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The Wonderful Gems of Ceylon

The Sri Lanka Gem and Jewellery Association (SLGJA) will hold its annual exhibition – FACETS 2011 – from September 8 to 11 at the BMICH, Colombo. Organizers expect a large number of business delegations from different parts of the world to attend this four-day event.

Vice Chairman of SLGJA, A.H.M Imtizam, believes that FACETS 2011 will accelerate the government’s target of reaching US$ one billion through gem and jewellery exports by 2016.

The latest statistics released by the National Gem and Jewellery Authority reveals that the country has recorded a total export earning of Rs. 24.4 billion through gem and jewellery sales during the first six months of this year, an 8.9 percent increase compared to last year.

Throughout its long history, Sri Lanka has gained fame for its rare gems of exquisite beauty, with even Marco Polo writing about the ‘wonderful Ceylon gems’. The country’s gems have found its way to all parts of the world, even adorning the Kings and Queens of the Roman Empire.

Out of around 200 minerals that are classified as gemstones, about 75 varieties are found in Sri Lanka, making Sri Lanka one of the most important gemstone locations in the world. According to geological estimates, 90 percent of the island’s land mass is potentially gem bearing.

Over the centuries Sri Lanka’s jewellery makers have refined their hereditary skills, and with the infusion of modern technology, the country’s gem and jewellery sector has attained high standards in craftsmanship and sophistication with a modern touch. In addition to exquisite gems, the country is emerging as a design centre offering high quality jewellery in Gold, Silver and Platinum.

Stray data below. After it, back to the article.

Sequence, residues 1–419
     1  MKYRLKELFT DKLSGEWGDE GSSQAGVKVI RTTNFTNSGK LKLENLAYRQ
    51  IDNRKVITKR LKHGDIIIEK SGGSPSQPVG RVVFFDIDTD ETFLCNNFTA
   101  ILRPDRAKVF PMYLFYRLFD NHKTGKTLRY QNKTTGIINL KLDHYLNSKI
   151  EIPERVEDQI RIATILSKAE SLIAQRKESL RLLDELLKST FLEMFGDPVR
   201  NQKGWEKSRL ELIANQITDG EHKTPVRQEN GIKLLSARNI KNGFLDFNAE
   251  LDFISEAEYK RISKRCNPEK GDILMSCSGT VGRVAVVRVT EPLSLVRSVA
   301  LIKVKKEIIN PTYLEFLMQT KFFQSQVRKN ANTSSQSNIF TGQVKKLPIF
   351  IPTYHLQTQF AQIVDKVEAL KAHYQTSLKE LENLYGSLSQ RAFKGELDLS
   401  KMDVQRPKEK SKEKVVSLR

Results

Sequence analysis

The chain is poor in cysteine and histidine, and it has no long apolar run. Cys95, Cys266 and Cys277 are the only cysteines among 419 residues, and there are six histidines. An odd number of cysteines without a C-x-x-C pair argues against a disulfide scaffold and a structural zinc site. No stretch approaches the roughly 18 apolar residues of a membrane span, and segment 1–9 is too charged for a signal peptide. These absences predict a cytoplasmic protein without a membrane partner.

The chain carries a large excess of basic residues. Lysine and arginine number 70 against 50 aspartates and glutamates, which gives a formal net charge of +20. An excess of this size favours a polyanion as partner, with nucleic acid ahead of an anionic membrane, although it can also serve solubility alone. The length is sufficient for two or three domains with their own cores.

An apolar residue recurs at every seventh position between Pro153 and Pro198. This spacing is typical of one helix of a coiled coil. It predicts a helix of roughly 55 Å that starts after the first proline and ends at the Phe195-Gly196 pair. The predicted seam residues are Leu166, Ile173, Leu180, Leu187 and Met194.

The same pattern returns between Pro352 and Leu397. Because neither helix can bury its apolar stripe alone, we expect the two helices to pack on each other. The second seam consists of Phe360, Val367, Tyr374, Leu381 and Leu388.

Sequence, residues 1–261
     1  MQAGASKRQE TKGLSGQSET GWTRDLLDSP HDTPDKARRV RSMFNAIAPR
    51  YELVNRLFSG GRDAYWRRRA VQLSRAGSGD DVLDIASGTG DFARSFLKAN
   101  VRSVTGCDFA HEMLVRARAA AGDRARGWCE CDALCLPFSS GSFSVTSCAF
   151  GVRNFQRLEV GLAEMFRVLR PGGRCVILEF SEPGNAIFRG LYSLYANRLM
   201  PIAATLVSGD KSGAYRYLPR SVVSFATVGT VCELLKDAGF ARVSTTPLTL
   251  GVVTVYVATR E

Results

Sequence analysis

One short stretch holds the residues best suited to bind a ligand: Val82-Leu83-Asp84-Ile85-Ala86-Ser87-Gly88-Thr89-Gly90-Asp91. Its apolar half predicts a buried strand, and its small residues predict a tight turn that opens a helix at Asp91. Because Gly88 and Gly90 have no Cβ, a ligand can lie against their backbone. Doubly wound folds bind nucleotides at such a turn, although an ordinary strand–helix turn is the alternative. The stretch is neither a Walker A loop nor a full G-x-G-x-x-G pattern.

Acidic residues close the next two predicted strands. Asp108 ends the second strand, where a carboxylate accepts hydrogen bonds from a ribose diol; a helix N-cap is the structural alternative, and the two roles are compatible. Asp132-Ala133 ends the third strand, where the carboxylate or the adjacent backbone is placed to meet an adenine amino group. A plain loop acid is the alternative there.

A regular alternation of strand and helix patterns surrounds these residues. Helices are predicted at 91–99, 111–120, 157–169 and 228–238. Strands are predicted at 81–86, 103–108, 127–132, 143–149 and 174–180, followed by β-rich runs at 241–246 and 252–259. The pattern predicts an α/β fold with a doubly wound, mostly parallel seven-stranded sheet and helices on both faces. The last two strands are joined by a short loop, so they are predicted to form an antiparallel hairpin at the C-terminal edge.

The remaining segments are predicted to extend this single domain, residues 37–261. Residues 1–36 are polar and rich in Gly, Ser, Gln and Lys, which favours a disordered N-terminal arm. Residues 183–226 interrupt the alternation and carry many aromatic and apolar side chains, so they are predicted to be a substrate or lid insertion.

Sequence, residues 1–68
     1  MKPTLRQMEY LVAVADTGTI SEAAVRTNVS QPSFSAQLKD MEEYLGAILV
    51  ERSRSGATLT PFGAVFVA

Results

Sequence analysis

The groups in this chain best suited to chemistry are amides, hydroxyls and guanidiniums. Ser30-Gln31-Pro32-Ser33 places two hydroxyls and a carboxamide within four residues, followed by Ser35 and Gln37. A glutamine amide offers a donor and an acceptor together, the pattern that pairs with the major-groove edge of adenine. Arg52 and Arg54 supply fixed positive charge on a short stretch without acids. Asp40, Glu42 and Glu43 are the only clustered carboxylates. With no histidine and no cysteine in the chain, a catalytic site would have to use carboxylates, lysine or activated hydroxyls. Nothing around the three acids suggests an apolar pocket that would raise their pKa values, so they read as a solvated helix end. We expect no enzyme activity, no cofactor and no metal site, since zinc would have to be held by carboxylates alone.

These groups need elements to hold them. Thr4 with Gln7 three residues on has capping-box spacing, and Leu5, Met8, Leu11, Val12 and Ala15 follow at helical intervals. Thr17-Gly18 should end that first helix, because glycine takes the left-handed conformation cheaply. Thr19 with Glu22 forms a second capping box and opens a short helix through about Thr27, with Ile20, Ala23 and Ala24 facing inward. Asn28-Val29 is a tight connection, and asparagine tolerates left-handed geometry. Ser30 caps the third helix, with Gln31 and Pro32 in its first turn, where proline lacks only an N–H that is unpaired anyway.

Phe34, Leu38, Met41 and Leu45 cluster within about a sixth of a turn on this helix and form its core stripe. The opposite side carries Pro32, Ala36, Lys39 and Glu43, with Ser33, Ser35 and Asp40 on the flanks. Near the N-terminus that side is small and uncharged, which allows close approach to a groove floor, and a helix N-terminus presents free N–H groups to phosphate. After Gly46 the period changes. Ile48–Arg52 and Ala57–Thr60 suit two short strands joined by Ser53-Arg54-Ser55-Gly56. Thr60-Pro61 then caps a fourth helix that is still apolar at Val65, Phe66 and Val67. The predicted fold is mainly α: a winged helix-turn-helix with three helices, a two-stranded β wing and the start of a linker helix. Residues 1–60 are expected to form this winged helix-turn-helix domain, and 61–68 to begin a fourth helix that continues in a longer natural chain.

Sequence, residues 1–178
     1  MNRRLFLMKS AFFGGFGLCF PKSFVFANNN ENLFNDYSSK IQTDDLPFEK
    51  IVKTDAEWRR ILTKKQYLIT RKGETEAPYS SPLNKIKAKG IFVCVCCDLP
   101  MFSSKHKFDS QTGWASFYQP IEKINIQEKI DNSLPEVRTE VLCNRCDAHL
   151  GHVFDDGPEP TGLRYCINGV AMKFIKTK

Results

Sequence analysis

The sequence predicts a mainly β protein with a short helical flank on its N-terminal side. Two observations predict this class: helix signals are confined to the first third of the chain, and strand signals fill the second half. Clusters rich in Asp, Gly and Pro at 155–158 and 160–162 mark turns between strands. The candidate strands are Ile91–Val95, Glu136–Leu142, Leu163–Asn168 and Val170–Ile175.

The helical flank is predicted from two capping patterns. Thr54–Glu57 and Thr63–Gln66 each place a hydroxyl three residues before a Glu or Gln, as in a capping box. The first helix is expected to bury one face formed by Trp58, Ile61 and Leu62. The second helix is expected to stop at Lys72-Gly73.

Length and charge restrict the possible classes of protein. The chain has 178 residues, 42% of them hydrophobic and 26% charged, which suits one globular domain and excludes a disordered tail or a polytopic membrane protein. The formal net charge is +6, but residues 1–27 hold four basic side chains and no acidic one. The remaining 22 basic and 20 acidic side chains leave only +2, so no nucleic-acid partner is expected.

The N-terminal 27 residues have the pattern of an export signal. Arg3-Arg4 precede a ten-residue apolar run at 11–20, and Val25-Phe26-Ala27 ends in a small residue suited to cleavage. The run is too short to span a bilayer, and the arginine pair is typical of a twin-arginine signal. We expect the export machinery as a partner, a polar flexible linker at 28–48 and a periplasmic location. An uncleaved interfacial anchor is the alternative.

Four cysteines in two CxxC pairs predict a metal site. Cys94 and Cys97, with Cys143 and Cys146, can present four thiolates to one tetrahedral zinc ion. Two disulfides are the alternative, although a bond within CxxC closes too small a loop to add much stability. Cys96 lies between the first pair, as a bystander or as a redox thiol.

Among the wide selection of Sri Lankan gems that’s in high demand are, Blue Sapphire, Ruby, Alexandrite, Pearl, Zircon, Topaz, Garnets and Amethyst. The country is believed to be the most important supplier of the finest sapphires to the world and according to industrialists, no other country has produced sapphires in size, quality and quantity as Sri Lanka has.

The Blue Sapphire, popularly called Ceylon Sapphire, is reportedly unique in colour, clarity and lustre compared to the blue sapphires from other countries. Although blue is the main colour of the Sapphire, yellow, pink, orange and purple Sapphire could also be found.

According to experts, Sapphires are best viewed under fluorescent light or daylight; not under incandescent lights, whose output is tilted towards the red end of the spectrum. Buyers are advised to look for stones which are ‘eye-clean’, meaning that no inclusions should be visible to the naked eye. As for the cut, sapphires are found in a variety of shapes and style. Ovals, cushions, hearts and round are the most sought after shapes, although a slightly high price is paid for round stones. Cabochon-cut sapphires are also common, which is generally used for star stone or those not clean enough to facet. The best Cabochons are reasonably transparent, with smooth domes of good symmetry.

Sri Lanka’s Gems and Jewellery sector, providing employment to close to 300,000, has three main segments – Precious Stones, Gold and Silver Jewellery and Diamonds. Geudas, Polished Diamonds, Cut and Polished Gemstones, Diamonds and Jewellery being the market leaders as far as export demand is concerned.

The boom in tourist arrivals has resulted in an increase in demand for Sri Lankan gems, with industrialists finding it difficult to meet the demand due to the shortage of raw material. The demand for blue sapphires has drastically risen after the Royal wedding, industry sources said. In fact the 400 carat Blue Sapphire which adorns the British Crown, is from Sri Lanka. A Sapphire weighing 42 pounds, known as the largest in the world, was found in the gem pits of Sri Lanka.

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